After everyone has had all they want of my Mad Hawaiian Chili, we sit and talk at the table: Randa, Sam, me and a younger couple that Randa and I have known for several years. Conversation continues with fruit salad and Randa’s mighty fine strawberry bread. After that, I offer samples of my latest batch of authentic hand-milled Kansas cider.
Our guests have had my cider before: the first year was not too bad but last year’s batch had a harsh edge to it. Their skepticism is understandable but this year’s product is the best I’ve ever made: smooth, slightly sweet but still crisp and clean. I watch each one carefully as she or he tries it and am pleased with the responses.
Later we move into what Randa likes to call “our fancy sittin’ room,” a la The Beverly Hillbillies. Softer seats with a bit more room does seem like a pretty good idea after dinner. We sit and share our histories, perceptions, challenges and joys. Of course, we could have continued with the light banter, surface questions and such but something about the night seemed to invite a deeper knowing.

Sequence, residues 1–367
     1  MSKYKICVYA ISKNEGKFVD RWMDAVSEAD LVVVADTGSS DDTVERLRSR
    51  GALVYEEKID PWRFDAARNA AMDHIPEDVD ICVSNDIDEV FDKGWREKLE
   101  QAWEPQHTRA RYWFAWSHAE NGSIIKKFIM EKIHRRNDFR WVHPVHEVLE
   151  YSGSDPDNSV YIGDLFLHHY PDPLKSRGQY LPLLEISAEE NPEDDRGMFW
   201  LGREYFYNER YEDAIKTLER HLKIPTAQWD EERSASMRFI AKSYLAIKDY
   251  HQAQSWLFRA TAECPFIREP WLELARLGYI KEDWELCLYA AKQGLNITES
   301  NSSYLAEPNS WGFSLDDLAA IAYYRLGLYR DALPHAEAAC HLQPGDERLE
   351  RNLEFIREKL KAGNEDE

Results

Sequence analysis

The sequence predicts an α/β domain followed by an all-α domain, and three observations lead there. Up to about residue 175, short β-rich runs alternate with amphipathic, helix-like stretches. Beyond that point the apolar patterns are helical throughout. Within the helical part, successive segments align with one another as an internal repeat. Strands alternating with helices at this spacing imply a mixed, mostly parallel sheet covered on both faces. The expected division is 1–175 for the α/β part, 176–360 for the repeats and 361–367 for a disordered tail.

In the process of those revelations, we gain greater understanding of one another and ourselves. We find a deeper basis for relationships which are already strong. There is an extension of each into the other, a more colored and textured knowing, a greater intimacy.
As the night passes, I feel that I have gained something that does not decline or fade away. There are no deposit slips for valued visits and precious time, but their worth does not decline with the years. Treasures such as this are not put at risk with the ebb and flow of the stock market. And the dividends they pay are without measure.
We may have lots of acquaintances and many colleagues but I never met a man who had too many friends. We have about as many as the time we’re willing to spend.